> amp3 = math.abs( ac3 )
    > ph3 = math.atan( ac3.imag / ac3.real )
    > return [amp3, ph3]
    > --------------------------------------
    > when I import it (electronics) in python.exe in windows2000 and
    > try to use it, it croaks. ???
    >
    > >>> import math
    > >>> import electronics
    > >>> print electronics.ac_add_a_ph( 10, 0 , 6 , 45 )

    > Traceback (most recent call last):
    > File "<stdin>", line 1, in ?
    > File "f:\devel\python\electronics.py", line 10, in ac_add_a_ph
    > ac1 = complex( amp1 * math.cos( math.radians( ph1 ) ), amp1 * \

    math.sin( math
    > .radians( ph1 ) ) )


    [[some lines split to respect NNTP's constraint on 80-char lines]]

    > NameError: global name 'cos' is not defined
    > >>>

    >
    >
    > global?? huh?


    Weird -- I can't reproduce this; it's the kind of symptom you get when
    mistakenly using a comma instead of a dot, for example, but I don't see
    that error in your code.

    What I _do_ see is an "AttributeError: 'module' object has no attribute
    'abs'" on the amp3 assignment -- of course, because that's indeed the
    fact (abs is a builtin, not a member to module math).

    Most likely, you got a bit confused and didn't copy-and-paste exactly
    what was going on.


    > what does abs stand for? why is that not absolute value? hmmm.


    abs does stand for absolute-value.

    > Hmm, complex numbers, cool I don't even have any idea where C
    > stands on this.


    C has no stand on complex numbers.


    Alex
     
    Alex Martelli, Apr 22, 2006
    #3
  4. Sambo

    Robert Kern Guest

    Sambo wrote:
    > I have the following module:
    > -------------------------------
    > import math
    >
    > def ac_add_a_ph( amp1, ph1, amp2, ph2 ):
    >
    > amp3 = 0.0
    > ph3 = 0.0
    > ac1 = ( 0, 0j )
    > ac2 = ( 0, 0j )
    > ac3 = ( 0, 0j )
    > ac1 = complex( amp1 * math.cos( math.radians( ph1 ) ), amp1 * math.sin( math.radians( ph1 ) ) )
    > ac2 = complex( amp2 * math.cos( math.radians( ph2 ) ), amp2 * math.sin( math.radians( ph2 ) ) )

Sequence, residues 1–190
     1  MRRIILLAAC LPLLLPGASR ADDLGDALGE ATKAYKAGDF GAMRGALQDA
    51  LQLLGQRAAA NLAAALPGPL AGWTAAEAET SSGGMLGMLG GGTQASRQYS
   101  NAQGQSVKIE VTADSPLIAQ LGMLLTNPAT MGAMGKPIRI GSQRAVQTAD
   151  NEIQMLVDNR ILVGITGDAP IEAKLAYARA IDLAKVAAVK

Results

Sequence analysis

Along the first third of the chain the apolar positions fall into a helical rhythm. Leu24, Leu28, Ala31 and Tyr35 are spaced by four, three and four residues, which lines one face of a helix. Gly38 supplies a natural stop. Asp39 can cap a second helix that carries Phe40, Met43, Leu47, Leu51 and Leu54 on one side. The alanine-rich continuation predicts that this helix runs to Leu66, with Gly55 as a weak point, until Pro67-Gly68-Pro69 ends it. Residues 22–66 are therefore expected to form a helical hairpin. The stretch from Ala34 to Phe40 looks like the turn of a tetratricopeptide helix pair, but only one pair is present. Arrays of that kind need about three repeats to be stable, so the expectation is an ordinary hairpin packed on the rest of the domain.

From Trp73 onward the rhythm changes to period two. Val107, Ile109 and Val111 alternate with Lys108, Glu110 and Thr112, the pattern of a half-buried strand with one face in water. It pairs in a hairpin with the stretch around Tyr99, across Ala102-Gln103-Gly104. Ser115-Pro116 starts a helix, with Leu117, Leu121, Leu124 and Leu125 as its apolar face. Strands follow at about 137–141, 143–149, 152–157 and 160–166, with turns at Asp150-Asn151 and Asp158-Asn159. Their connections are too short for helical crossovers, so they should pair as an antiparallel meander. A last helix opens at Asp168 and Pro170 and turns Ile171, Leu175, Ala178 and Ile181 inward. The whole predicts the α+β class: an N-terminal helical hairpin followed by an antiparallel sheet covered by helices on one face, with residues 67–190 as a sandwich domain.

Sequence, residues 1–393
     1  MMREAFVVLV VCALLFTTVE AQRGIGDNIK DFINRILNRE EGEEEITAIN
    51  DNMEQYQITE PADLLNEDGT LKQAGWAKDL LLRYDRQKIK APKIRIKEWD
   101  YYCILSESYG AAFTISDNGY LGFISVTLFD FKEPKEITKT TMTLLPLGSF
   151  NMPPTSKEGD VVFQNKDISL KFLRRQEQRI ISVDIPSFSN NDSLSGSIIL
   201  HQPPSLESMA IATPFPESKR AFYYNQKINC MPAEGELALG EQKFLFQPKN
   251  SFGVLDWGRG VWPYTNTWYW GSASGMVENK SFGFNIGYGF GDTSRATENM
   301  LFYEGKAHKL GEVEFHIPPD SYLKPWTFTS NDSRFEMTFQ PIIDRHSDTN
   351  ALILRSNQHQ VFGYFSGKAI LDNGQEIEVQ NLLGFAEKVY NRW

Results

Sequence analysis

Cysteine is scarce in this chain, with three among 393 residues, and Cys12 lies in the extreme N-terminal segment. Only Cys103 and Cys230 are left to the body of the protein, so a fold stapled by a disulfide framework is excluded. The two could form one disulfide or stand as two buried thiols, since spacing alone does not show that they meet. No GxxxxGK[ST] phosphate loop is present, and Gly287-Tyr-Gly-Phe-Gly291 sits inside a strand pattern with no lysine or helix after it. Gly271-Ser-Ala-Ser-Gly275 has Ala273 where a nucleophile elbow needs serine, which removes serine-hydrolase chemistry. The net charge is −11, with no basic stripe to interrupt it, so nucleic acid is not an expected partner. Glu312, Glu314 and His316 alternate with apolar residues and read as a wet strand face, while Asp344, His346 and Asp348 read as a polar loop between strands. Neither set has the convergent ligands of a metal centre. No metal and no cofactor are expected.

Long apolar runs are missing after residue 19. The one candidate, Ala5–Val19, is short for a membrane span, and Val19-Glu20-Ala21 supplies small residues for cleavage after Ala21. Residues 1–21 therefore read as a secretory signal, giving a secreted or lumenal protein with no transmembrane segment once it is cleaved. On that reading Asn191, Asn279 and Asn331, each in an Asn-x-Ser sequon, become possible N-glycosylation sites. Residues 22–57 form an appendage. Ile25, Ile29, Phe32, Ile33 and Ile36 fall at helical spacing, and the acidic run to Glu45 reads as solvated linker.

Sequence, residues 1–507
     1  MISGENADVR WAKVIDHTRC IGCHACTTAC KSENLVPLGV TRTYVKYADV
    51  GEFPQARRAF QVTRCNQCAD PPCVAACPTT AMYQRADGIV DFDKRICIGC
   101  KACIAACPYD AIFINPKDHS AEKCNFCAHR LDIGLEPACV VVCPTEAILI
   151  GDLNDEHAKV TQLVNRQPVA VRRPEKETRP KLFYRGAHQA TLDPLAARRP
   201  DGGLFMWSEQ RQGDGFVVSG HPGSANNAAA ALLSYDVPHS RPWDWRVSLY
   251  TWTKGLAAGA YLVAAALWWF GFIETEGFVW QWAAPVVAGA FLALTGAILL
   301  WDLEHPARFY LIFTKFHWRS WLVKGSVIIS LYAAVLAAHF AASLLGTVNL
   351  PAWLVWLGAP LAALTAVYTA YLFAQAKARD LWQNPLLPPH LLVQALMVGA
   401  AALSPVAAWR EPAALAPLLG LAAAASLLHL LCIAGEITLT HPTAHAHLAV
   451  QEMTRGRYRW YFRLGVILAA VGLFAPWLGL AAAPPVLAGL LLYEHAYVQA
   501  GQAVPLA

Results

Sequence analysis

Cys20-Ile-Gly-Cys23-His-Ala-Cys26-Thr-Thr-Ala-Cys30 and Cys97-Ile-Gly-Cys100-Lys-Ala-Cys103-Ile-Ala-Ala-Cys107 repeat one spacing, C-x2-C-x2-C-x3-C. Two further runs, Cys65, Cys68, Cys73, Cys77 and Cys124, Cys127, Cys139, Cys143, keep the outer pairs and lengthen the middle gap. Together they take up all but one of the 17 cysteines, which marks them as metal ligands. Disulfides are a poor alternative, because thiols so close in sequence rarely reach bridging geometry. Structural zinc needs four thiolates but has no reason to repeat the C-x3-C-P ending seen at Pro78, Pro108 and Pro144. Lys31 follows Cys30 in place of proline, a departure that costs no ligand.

> ac3 = ac1 + ac2
    > amp3 = math.abs( ac3 )
    > ph3 = math.atan( ac3.imag / ac3.real )
    > return [amp3, ph3]
    > --------------------------------------
    > when I import it (electronics) in python.exe in windows2000 and
    > try to use it, it croaks. ???
    >
    >>>>import math
    >>>>import electronics
    >>>>print electronics.ac_add_a_ph( 10, 0 , 6 , 45 )

    >
    > Traceback (most recent call last):
    > File "<stdin>", line 1, in ?
    > File "f:\devel\python\electronics.py", line 10, in ac_add_a_ph
    > ac1 = complex( amp1 * math.cos( math.radians( ph1 ) ), amp1 * math.sin( math
    > .radians( ph1 ) ) )
    > NameError: global name 'cos' is not defined
    >
    > global?? huh?


    That's not what I get.

    [~]$ cat electronics.py
    import math

    def ac_add_a_ph( amp1, ph1, amp2, ph2 ):

    amp3 = 0.0
    ph3 = 0.0
    ac1 = ( 0, 0j )
    ac2 = ( 0, 0j )
    ac3 = ( 0, 0j )
    ac1 = complex( amp1 * math.cos( math.radians( ph1 ) ), amp1 * math.sin(
    math.radians( ph1 ) ) )
    ac2 = complex( amp2 * math.cos( math.radians( ph2 ) ), amp2 * math.sin(
    math.radians( ph2 ) ) )
    ac3 = ac1 + ac2
    amp3 = math.abs( ac3 )
    ph3 = math.atan( ac3.imag / ac3.real )
    [~]$ python
    Python 2.4.1 (#2, Mar 31 2005, 00:05:10)
    [GCC 3.3 20030304 (Apple Computer, Inc. build 1666)] on darwin
    Type "help", "copyright", "credits" or "license" for more information.
    >>> import electronics
    >>> electronics.ac_add_a_ph(10, 0, 6, 45)

    Traceback (most recent call last):
    File "<stdin>", line 1, in ?
    File "electronics.py", line 13, in ac_add_a_ph
    amp3 = math.abs( ac3 )
    AttributeError: 'module' object has no attribute 'abs'
    >>>


    > what does abs stand for? why is that not absolute value? hmmm.
    > Hmm, complex numbers, cool I don't even have any idea where C
    > stands on this.


    Change math.abs() to abs(). It's a builtin function. Yes, it does compute the
    absolute value. Fixing that:

    >>> import electronics
    >>> electronics.ac_add_a_ph(10, 0, 6, 45)

    [14.861117513241918, 0.2895134725436232]
    >>>


    --
    Robert Kern


    "I have come to believe that the whole world is an enigma, a harmless enigma
    that is made terrible by our own mad attempt to interpret it as though it had
    an underlying truth."
    -- Umberto Eco
     
    Robert Kern, Apr 22, 2006
    #4